‘e-KYC’ stems from the acronym ‘KYC’ (Know Your Customer). As the name suggests, KYC is a mandatory practice or process imposed upon businesses to verify the identities and suitability of customers as well as the risks involved in maintaining a business relationship with them. The advancements of financial technology (Fintech), paired with the urgency to usher in an age of total digitalization of banking and other financial services have caused e-KYC (electronic-Know Your Customer) to rapidly gain traction.
Around the end of June 2020, the Central Bank of Malaysia (BNM) published its policy document regarding the guidelines for e-KYC. Within this document, BNM acknowledged the convenience and cost-effectiveness of the digitalization of identification and verification services. With the country placed under the Movement Control Order (MCO) for the second time, this policy guideline could not have come sooner as the demand to identify and verify customers remotely became a pressing issue.
e-KYC and Fintech
Fintech has been an avid endorser of e-KYC since its launch, and this comes as no surprise as a partnership between financial services and KYC has long since existed. Fintech businesses that fall under the ‘financial institution’ category of the BNM guidelines are required to adopt an appropriate combination of authentication factors during the identification and verification process. BNM further laid down three basic authentication factors, namely something the customer possesses (e.g. identity card, registered mobile number), something the customer knows (e.g. PIN, personal information) and something the customer is (e.g. biometric characteristics). Some of the biggest examples of Malaysian Fintech businesses that have incorporated e-KYC would be e-Wallets such as Grab Pay and Touch-n-Go e-Wallet. These e-wallets utilise authentication processes such as the requirement to capture a photo of your MyKad along with a self-portrait photograph.
Artificial Intelligence (AI)
Apart from that, the use of artificial intelligence alongside e-KYC has been on the rise. Systems such as facial recognition, optical character recognition (OCR) and fraud detection solutions are encouraging the effectuation of e-KYC processes in hopes of achieving a more streamlined and accelerated KYC procedure. Consequently, paragraph 7.7 of the BNM e-KYC guidelines granted financial institutions in Malaysia to adopt AI, machine learning and other forms of predictive algorithms in hopes of reducing the need for human intervention in future e-KYC processes.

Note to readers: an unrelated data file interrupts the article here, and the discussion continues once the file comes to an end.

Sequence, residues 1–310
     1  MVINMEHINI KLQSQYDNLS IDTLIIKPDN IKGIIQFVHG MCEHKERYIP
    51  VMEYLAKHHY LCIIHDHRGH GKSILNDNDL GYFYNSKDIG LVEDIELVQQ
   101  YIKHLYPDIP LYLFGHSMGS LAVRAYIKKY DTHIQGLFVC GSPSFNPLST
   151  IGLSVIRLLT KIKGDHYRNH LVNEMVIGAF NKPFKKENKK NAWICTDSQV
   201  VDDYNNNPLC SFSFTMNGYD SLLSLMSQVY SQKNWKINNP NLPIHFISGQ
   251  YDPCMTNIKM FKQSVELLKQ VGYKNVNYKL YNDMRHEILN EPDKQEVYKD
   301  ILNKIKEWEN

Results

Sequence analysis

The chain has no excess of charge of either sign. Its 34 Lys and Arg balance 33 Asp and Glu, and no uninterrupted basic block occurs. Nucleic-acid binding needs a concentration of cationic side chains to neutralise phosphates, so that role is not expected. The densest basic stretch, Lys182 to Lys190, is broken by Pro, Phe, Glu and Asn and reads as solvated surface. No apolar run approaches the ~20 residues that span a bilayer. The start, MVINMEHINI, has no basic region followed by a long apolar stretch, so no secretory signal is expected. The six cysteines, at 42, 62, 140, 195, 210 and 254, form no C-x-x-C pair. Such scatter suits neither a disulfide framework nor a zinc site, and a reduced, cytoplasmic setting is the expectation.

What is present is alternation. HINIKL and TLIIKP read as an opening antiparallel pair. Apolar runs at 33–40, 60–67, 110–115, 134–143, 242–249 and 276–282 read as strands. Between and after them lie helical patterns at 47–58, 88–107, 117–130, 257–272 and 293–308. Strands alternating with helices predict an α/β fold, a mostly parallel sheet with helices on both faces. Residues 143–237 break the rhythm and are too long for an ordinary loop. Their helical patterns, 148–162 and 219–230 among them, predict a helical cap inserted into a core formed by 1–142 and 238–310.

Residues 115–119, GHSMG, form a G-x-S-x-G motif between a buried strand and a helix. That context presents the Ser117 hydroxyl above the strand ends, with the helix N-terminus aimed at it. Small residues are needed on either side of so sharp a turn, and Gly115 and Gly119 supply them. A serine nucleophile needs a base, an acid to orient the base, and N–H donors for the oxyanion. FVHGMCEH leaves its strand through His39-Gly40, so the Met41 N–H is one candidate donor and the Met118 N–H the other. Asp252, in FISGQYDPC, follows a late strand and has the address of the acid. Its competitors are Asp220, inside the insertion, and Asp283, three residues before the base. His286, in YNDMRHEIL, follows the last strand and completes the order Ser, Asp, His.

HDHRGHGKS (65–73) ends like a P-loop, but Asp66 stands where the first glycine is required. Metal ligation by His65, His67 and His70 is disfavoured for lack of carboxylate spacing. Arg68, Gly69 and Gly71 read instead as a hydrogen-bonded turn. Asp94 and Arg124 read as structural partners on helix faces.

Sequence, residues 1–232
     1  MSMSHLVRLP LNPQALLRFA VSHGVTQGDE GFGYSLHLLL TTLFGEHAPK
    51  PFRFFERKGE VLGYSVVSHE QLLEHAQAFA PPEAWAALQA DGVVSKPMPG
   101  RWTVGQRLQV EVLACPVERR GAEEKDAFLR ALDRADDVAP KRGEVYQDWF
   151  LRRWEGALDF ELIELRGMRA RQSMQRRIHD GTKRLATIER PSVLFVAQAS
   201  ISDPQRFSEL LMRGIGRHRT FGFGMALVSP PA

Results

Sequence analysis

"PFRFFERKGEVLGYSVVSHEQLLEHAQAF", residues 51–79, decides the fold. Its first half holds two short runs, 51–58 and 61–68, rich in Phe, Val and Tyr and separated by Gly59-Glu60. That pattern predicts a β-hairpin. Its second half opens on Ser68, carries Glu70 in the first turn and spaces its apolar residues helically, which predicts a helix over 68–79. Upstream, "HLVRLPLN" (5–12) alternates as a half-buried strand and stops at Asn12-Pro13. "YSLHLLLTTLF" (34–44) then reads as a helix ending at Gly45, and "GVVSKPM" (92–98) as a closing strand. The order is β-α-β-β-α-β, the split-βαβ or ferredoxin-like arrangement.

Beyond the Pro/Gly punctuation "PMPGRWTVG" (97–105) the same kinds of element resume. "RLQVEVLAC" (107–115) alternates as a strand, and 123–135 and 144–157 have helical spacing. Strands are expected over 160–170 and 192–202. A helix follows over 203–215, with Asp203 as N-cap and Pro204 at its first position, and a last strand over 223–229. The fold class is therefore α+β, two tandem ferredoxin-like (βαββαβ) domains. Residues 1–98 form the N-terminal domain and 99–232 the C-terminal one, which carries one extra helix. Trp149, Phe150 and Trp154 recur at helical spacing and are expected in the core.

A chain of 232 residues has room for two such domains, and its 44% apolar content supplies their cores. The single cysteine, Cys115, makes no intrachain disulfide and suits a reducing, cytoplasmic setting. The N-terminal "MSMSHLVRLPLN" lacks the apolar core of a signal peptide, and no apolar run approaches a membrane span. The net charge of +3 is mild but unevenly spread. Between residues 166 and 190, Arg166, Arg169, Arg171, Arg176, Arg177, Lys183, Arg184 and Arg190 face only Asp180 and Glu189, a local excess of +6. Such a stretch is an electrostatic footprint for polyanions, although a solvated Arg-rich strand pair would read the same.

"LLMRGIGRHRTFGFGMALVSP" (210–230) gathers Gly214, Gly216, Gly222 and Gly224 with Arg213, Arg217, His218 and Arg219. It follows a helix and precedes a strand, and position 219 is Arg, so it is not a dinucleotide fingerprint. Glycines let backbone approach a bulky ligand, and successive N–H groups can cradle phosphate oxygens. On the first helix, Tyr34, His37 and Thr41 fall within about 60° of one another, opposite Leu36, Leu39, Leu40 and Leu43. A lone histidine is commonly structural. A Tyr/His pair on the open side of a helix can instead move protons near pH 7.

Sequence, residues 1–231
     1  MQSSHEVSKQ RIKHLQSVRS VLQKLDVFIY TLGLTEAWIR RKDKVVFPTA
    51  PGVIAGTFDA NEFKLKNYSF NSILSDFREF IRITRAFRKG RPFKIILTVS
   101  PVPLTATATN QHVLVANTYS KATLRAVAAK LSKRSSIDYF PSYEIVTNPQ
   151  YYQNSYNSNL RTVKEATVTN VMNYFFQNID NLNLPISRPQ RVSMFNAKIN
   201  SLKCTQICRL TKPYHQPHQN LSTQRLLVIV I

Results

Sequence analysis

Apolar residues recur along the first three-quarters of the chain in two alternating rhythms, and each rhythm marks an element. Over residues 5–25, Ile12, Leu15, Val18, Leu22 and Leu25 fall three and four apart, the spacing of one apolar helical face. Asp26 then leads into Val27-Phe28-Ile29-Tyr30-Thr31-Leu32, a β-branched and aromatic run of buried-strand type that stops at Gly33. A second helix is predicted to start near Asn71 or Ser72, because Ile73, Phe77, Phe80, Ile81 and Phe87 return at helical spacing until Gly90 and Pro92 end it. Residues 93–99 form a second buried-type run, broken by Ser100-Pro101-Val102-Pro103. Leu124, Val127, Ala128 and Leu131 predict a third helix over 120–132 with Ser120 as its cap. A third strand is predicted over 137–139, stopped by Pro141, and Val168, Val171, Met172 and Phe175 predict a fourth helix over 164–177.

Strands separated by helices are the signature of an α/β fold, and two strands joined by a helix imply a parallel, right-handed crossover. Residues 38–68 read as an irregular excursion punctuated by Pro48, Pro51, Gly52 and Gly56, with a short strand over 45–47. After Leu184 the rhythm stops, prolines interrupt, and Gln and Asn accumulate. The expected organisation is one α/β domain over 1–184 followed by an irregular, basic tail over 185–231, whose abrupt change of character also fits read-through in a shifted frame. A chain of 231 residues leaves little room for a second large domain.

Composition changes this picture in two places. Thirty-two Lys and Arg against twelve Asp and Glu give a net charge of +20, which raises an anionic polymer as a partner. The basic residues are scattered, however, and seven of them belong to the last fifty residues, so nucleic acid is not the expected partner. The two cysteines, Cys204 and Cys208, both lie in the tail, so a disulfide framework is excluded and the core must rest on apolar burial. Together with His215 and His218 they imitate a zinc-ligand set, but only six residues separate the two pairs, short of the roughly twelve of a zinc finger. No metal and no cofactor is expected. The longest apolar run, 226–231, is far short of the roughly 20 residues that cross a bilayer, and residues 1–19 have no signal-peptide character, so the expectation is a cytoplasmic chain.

In Malaysia, online money transfer service Transferwise has partnered with US-based AI company Jumio’s identity verification system to protect its online ecosystem. Customers are able to enjoy the convenience that comes with e-KYC that utilises biometrics and AI while the business is protected against potential frauds and provide better services; both parties can establish a better relationship of trust.
To date, there have been several high-profile data breaches across Malaysia. For example, the 2017 data breach of 12 Malaysian mobile operators affected as many as 46 million Malaysian mobile subscribers, including foreigners who were on temporary pre-paid mobile numbers. The Malaysian Communications and Multimedia Commission (MCMC) stated that an individual was able to bypass the security measures of these mobile operators in an attempt to sell the compromised databases for an undisclosed amount of Bitcoin.
With the rapid rise of cybercrime rates, the increasing number of businesses interested in integrating e-KYC comes as no surprise. e-KYC processes add an additional layer of protection towards the users data – an electronic software that identifies and verifies customers must possess the capability to collect, store, secure and share data with the safety and privacy of its users in mind. Furthermore, as e-KYC processes are regulated by the Personal Data Protection Act 2010 (PDPA), customers need not worry about businesses exploiting their personal information without legal repercussions.
One of the purposes of e-KYC is to assess the possible illegal intentions of its customers within each transaction. Money laundering and terrorism financing are some of the crimes that may potentially be reduced by introducing e-KYC processes before or while engaging with a customer. By imposing on customers the requirement to verify the identities that they have submitted, businesses are able to properly and accurately ascertain the possible intentions and risks the customer would pose. As a result, discussions about e-KYC processes have often been heavily linked with statutes such as the Anti-Money Laundering, Anti-Terrorism Financing and Proceeds of Unlawful Activities Act 2001 (AMLA) – the primary statute for providing measures to be undertaken in combating money laundering and terrorsim financing in Malaysia. e-KYC works hand-in-hand with AMLA to reduce the cases of money laundering and terrorism financing in Malaysia by ensuring that criminals with malicious intent are discouraged from making transactions via Fintech services.
Conclusion: the future of e-KYC
All things considered, it is safe to say that e-KYC is here to stay. The convenience, security and efficiency that comes with e-KYC processes will catalyse the growth and expansion of the Malaysian Fintech scene. Moreover, with numerous countries in Southeast Asia introducing digital banking into its financial ecosystem, it is merely a matter of time before digital banking in Malaysia will become a reality. This will trigger a rise in e-KYC usage as digital banks would only be able to perform identification and verification online. On the other hand, the arrival of COVID-19 witnessed humanity’s increasing reliance on technology to carry out day-to-day activities. e-KYC’s ability to rise up to this occasion will garner itself the attention needed to secure a spot in the Malaysia Fintech scene.
Uploaded on 26 January 2021